3, Lawrence Livermore National Laboratory, Livermore, California, United States
2, Ames Laboratory, Ames, Iowa, United States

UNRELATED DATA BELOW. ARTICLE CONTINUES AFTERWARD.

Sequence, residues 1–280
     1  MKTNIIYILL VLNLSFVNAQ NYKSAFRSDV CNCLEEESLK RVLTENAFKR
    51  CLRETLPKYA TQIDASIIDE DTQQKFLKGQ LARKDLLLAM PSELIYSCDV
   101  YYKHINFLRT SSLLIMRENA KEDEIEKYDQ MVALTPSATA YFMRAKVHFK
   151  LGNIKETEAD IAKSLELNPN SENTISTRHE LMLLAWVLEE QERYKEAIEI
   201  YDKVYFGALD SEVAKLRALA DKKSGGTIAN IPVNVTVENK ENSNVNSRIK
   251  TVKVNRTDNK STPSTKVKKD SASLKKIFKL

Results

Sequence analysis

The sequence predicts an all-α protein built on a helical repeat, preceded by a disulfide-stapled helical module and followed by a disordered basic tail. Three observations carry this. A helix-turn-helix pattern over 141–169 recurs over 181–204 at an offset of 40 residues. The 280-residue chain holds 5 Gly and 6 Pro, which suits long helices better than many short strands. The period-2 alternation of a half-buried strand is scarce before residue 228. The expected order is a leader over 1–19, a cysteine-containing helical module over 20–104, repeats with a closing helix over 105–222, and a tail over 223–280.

Strengthening metals through grain boundary (GB) and twin boundary (TB) interfaces into the nanoscale region is manifested by a maximum strength, a phenomenon that is known as Hall-Petch limit, followed by softening behavior. The underlying mechanisms of this observation have been studied extensively by atomistic simulations. Yet, experimental validations of these mechanisms have been challenging, primarily due to the technological difficulty in synthesizing nanotwinned FCC metals in the truly nanocrystalline regime (<100 nm) that could match grain sizes in atomistic models. In this talk, we present experimental and atomic simulation investigations on the effects of microalloying on microstructure stability and Hall-Petch strengthening in sputter-deposited nanotwinned Ag containing trace concentrations of Cu solute atoms (<1.0 wt. %). First, we discovered that annealing of nanotwinned Ag at a Cu concentration level of 0.81 wt. % results in grain size (d = 49 nm) and TB spacing (λ = 3.5 nm) that were well below those previously obtained in nanotwinned Ag, leading to a record hardness up to 39% above values reported for this metal without alloying. Second, large-scale hybrid Monte-Carlo and Molecular Dynamics simulations, and density-functional-theory-based calculations, were deployed to study the atomic-scale processes associated with Cu solute atom segregation, yielding and plastic flow in nanotwinned Ag, as a function of TB spacing. It was found that Cu atoms are segregated concurrently to GBs and intrinsic kink-like TB defects during thermal annealing, resulting in dramatic improvements of both twin stability and yield strength under applied stress in micro-alloyed nanocrystalline-nanotwinned Ag. Furthermore, we present the plastic deformation mechanisms underpinning the Hall-Petch strength limit in nanocrystalline-nanotwinned Ag models, for which the simulated microstructure is comparable to that of micro-alloyed experiments.